I came across this small, old bridge in The Downings in County Donegal in Ireland. The flowers in the foreground really presented a chance to add colour to the scene. There was a mixture of rushes and wild flowers. If there was a stream still flowing under the bridge it was heavily overgrown. There was a marshy feel to the turf underfoot suggesting a bog and the trace of water which must have been here at some stage. The bridge itself looked really old. The stones had weathered creating textures. The background led to sandy dunes and down to a beach out of site of the picture…
Remember the Alamo: watercolour, 30″x 40″
This is the cover artwork for my book, Crossing Borders. The image is accompanied by a poem Recreational Rioting and is about the macho nature of street riots in the early 1970s in Derry, N.Ireland. The riots would sometimes be suspended so that rioters could go home to watch something good on TV. In this case The Alamo, the movie starring John Wayne…
Crossing Borders by Joe Campbell a new collection of Landscapes and poetry, published by Guildhall Press, Price: £11.95
Available from http://www.ghpress.com
“Joe Campbell said his cancer diagnosis was the catalyst for Crossing Borders, a collection of his poems and paintings produced over the past 20 years and more,that makes you inclined to read and look in a certain way, to see this work as a summation, to consider it in a fading light.
And that might make you judge it with a patronising sentimentality it doesn’t deserve. There is a coolness and distance in the beauty of the work, but also an intense belonging. This is a man who grew up in Derry with the “malevolent background grind” of army helicopters above him, but who recognised the youth of the soldiers who searched him and wanted to break down the barriers which held people apart. This collection is personal, political, intense, honest, and uncertain. There is humour and waste and an acknowledgement of failings. And there is a sense of the absurd right next to a yearning for more important things, and all the while Davy Crockett rides around and says it’s cool for cats. Campbell’s work is urgent, removed, and beautiful…”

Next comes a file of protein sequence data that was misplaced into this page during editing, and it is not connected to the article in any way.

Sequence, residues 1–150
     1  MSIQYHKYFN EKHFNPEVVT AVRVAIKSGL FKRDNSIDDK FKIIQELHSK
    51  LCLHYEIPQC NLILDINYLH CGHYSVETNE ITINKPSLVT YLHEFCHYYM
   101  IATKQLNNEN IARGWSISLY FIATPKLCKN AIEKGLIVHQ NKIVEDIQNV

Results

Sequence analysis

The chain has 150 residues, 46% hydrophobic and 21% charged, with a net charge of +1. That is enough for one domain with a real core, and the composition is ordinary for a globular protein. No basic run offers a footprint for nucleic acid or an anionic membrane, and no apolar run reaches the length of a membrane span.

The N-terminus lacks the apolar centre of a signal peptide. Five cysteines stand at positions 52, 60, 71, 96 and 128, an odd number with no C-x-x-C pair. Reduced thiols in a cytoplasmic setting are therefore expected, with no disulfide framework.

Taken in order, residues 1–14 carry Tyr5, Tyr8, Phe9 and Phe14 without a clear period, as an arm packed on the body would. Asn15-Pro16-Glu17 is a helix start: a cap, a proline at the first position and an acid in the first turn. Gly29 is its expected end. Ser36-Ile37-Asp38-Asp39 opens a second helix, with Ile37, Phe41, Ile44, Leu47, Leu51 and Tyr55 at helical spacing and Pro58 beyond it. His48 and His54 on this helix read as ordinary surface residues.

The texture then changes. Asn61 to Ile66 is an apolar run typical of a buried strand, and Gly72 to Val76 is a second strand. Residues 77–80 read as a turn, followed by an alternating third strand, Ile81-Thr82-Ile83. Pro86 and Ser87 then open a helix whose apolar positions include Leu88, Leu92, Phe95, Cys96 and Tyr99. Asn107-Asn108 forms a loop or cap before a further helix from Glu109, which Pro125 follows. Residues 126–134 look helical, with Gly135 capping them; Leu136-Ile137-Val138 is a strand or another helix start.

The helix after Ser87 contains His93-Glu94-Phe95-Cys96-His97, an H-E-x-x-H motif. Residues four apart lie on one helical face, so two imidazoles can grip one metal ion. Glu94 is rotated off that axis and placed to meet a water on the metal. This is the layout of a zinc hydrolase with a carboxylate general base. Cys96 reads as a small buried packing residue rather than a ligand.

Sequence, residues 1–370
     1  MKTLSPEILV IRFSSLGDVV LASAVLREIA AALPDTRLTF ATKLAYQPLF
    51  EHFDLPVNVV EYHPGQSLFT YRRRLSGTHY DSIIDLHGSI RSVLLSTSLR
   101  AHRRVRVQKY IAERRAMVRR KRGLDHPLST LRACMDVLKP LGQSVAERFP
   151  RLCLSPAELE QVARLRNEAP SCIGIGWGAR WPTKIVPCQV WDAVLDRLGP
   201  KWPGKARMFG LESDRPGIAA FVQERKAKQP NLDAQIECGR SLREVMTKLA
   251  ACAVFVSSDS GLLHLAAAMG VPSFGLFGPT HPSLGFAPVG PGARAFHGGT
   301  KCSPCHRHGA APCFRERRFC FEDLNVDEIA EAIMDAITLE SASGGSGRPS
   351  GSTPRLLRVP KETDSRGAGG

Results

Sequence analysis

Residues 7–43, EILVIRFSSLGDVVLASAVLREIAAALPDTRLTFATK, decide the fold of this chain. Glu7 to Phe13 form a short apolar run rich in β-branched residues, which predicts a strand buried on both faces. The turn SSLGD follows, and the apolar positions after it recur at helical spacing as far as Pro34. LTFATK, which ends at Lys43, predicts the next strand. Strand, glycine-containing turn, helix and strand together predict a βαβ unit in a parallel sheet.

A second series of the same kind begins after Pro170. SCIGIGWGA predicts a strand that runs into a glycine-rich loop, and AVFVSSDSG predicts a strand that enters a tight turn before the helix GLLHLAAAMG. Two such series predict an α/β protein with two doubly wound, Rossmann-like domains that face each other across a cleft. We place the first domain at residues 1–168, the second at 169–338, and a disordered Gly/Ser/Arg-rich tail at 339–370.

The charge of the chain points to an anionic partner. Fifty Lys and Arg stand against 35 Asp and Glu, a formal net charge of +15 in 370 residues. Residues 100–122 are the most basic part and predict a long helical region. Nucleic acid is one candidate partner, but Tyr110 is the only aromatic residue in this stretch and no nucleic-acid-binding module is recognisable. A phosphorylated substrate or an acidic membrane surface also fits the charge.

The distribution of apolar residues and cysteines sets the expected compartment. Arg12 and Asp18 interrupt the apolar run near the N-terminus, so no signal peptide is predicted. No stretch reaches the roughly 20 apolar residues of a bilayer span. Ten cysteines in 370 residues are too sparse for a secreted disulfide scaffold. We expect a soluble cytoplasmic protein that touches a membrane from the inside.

Dominic Kearney, Irish News.
Crossing Borders is a debut collection of poems by artist Joe Campbell. A unique tapestry of beautiful images and honest experience, it is an artist’s view of life. It is also deeply personal. Described by Campbell himself as “more like painting with words than creating verse” the poetry deals with difficult, stark, life experiences such as: cancer; the troubles and bereavement and juxtaposes verse with paintings gleaned from over twenty years of professional work.
Born and reared in his native city of Derry, Campbell’s painting also reflects a deep sense of place. The images are portraits of a city and its hinterland and pay homage to its natural beauty. The collection is a blend, with poems that draw on history, distant memory and emotion and with paintings that seek to provide a visual respite and establish an empathy and common ground with the reader.Crossing Borders is above all human, deeply rooted in real life experience, a collection born out of trauma.
This is a portrait of my late father. This portrait is featured in my Book, Crossing Borders published by Guildhall Press. There’s a poem, Last Man Standing that goes with this (also featured in the book) says more than I need to here. The book by the way features Landscapes from Donegal and Derry, portraits and a few other things besides. The book can be ordered from the publisher’s website, www.ghpress.com You can read the poem on my blog: joecampbellcomicart.blogspot.com
Last Man Standing
My Da was the last to go
“I should be boxed like the rest of them,”
He said to me near the end
I would catch glimpses of him in those last days
Across lanes of traffic,
Out of the side window of my car
A small white-haired man
Every step soft and sore
Limping down for milk
“That’s my Da!” I thought
Not the giant that bestrode my boyhood
Not the quiet man behind my mother
Not the athlete with the All-Ireland medals of his youth
Not the man who wrote letters to the bereaved offering his sympathy
Not the friend who never questioned my point of view
Not the man who never complained about the loneliness
But the one left behind
The last man standing